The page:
I didn't know I would be revisiting my childhood Saturday evening when I headed for Lowertown and the second Big Lowdown event.
Yet there I was, almost four decades since my last round, leading a game of Red Light/Green Light, while a cadre of my fellow travelers tried to tag me it.
Presented by PlaceBase Productions and Bedlam Theatre and featuring contributions from dozens of creators, The Big Lowdown took its participants on a walking tour of the Lowertown neighborhood. On loading docks, in alleyways, and in the basements of buildings, we engaged in a series of short, theatrical events often designed to bring the audience into the fold.
So, I got to toss a giant six-sided die to help guide a boxing match during "A Giant Salt Shaker Filled with Light," while a proxy-Prince looked on. For "The 1st Annual Fabulous Unity Strut," I put on a leopard-print smock, army helmet, and dog's ears to take part in a sort of drag race at the farmers market.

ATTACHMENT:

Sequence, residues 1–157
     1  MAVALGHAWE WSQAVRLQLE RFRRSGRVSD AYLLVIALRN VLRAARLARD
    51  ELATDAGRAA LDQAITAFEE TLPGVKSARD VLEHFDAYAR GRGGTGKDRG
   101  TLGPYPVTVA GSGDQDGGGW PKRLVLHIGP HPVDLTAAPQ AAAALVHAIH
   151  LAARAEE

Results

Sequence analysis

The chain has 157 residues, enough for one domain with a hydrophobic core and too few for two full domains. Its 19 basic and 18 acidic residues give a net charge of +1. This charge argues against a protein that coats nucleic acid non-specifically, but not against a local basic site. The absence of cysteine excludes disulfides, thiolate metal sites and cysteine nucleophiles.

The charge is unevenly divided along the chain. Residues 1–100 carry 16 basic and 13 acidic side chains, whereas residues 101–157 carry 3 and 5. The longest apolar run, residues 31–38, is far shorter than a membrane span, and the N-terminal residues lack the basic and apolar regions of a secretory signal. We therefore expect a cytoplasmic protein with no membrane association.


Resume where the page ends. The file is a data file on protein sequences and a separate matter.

The second Big Lowdown had a stronger structure than last year's edition, which was packed with so many stations it was impossible to see them all. All of the physical activity, however, was a bit exhausting, which meant the finale in the park (which included an egg hunt and funky dancing) felt muted.
The most striking moment came during "Softening the Curves of the City," as the orange-jumpsuit-wearing members of the BodyCartography Project slowly moved up and down an alley, occasionally joining together to form a full shape before dividing again. Their final cluster was around another member of my group, who had to quietly contort himself to be free of the now "sleeping" street creatures. All of this made for a beautiful moment, played against the noise of a St. Paul Saturday night.